“Paint Chip” Debuts on the Racecourse!

A few years ago, when my son was barely able to steer without help on his sailing camp’s Mercury sailboat, he was handed down a pretty beat up Optimist dinghy. It was better than Christmas when we went to drag the boat out of a leaf pile, under the tree of a very lovely fellow Yacht Club family.  The mom made some funny comments about the boat repair work her son had attempted on the boat years ago and wished us *luck* with the latest member of our fleet. And just like that an obsession was born. My now ten year old son, Oliver had his OWN boat to work on. He had big plans for repairing the ignored dents and a new paint job and oh my gosh – what would he name it? The ideas and dreams were circling inside his head and such is the story of yet another man (to-be) with big boat ideas and little practical knowledge.

Oliver’s dad is a super handy boat guy. He is regularly repairing bits and pieces of one of the various members of our fleet. And when he saw the Opti roll in on the car top – his dreams for other projects on his to-do lists went AWOL and he went pale…He now had another vessel to maintain and repair and some teaching to go along with it.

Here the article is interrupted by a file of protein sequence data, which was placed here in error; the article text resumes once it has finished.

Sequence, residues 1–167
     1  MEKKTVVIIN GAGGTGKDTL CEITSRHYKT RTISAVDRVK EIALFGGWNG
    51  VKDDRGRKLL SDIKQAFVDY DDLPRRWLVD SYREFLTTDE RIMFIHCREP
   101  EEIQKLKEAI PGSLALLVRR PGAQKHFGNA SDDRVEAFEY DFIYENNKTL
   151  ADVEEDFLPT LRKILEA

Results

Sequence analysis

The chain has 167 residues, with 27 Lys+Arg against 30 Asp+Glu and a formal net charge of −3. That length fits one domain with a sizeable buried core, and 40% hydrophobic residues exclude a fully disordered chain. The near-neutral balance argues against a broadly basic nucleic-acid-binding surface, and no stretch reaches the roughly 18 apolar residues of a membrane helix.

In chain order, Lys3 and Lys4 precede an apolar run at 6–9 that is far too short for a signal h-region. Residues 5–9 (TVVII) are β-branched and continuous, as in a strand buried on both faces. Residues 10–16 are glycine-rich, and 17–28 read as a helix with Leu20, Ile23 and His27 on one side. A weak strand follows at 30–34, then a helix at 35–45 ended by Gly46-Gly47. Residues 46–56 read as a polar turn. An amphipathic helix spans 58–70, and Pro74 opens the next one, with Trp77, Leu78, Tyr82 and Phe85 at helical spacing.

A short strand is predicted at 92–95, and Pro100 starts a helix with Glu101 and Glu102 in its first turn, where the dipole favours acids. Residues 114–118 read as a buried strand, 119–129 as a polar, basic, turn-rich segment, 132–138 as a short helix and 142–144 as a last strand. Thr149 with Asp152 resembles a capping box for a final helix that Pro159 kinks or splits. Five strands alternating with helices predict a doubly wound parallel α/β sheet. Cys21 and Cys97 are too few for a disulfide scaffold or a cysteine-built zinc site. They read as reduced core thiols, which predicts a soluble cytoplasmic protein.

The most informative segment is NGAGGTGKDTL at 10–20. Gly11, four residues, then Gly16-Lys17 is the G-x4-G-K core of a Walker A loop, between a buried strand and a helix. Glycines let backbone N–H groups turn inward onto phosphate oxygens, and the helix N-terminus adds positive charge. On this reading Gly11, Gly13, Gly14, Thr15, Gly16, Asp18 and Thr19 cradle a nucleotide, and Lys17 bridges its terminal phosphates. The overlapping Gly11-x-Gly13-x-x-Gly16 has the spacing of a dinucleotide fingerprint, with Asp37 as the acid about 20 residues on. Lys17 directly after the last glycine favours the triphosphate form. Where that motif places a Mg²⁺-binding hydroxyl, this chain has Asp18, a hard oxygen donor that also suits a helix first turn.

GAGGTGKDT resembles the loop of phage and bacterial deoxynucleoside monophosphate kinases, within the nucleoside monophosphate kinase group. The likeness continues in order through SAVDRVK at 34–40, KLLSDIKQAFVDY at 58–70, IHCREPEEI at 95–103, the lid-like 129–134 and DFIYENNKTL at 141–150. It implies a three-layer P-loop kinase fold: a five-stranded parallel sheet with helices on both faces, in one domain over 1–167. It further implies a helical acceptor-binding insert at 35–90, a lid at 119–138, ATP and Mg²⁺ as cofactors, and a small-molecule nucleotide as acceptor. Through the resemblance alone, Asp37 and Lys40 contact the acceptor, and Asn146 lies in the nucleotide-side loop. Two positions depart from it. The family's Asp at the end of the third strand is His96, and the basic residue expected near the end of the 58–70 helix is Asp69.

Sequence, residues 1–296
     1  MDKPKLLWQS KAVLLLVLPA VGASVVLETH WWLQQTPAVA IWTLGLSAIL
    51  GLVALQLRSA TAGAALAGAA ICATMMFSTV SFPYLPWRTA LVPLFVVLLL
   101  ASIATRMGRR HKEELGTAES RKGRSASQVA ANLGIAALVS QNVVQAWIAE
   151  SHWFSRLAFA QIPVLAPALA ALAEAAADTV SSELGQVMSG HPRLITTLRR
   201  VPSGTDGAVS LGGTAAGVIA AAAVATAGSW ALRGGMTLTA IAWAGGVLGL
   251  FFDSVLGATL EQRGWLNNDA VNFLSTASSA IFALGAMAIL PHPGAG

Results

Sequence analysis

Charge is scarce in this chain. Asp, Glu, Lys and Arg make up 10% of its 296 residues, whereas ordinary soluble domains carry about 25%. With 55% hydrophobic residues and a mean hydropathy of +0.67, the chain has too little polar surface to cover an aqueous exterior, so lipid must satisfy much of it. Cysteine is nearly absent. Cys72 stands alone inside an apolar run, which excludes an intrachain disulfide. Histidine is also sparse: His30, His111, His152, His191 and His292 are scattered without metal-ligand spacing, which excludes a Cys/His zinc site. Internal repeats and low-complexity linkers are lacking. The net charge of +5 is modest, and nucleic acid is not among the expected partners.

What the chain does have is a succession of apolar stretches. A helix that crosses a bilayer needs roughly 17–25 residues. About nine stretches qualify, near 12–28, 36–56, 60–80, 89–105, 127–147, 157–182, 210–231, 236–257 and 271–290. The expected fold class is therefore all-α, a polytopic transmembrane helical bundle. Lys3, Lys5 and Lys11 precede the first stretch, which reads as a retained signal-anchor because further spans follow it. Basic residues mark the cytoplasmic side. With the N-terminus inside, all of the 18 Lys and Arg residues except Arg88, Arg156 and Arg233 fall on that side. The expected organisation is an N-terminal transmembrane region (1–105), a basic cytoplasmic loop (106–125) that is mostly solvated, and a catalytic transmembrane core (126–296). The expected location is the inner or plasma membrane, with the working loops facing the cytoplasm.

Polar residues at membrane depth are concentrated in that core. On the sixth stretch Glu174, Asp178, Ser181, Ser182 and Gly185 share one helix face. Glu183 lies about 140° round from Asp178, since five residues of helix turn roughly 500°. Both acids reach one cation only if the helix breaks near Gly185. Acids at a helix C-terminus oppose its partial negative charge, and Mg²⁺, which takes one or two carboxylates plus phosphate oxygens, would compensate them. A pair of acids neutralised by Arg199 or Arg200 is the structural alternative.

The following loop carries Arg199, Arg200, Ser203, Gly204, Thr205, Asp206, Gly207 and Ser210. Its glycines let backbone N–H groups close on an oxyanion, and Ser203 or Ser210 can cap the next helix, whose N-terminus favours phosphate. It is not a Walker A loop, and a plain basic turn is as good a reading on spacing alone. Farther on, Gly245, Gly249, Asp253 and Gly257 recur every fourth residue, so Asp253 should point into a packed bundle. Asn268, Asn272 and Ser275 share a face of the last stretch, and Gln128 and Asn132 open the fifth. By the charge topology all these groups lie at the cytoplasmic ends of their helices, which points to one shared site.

Enter Mom with her new job at boat repair heaven. Fiberglass, paints, epoxies, fancy Festool vacuums and sanders, power tools galore and a fat, well appointed shop to get it all going: My kids (husband included) eyes lit up. Jamestown Distributors has now trumped any candy store we have ever met. And we love candy.

The JD TotalBoat shop – as I’ve explained – is a testing ground for all the TotalBoat products. And man – have we tested and tried some products out. Fiberglass and epoxy lessons were first up as Oliver repaired some of the existing dings and dents. This first job was a back yard operation, which rarely goes as well as when the boat is enveloped in the luxury of the TotalBoat Shop. Then, plenty of sanding, LOTS of new parts purchased for the *free* boat and then some more sanding. And finally (we thought) came a half baked paint job in WetEdgeSeaFoam Green Topside paint. (we were giving JD money long before I started working here).  The green made my eyes hurt but Oliver thought it was the best. It was his ship and he is the captain and commander of his own color scheme. (Remember this….) All this work to get her up and running – But still, no name was rising to the top of the list of possible [horrible] names.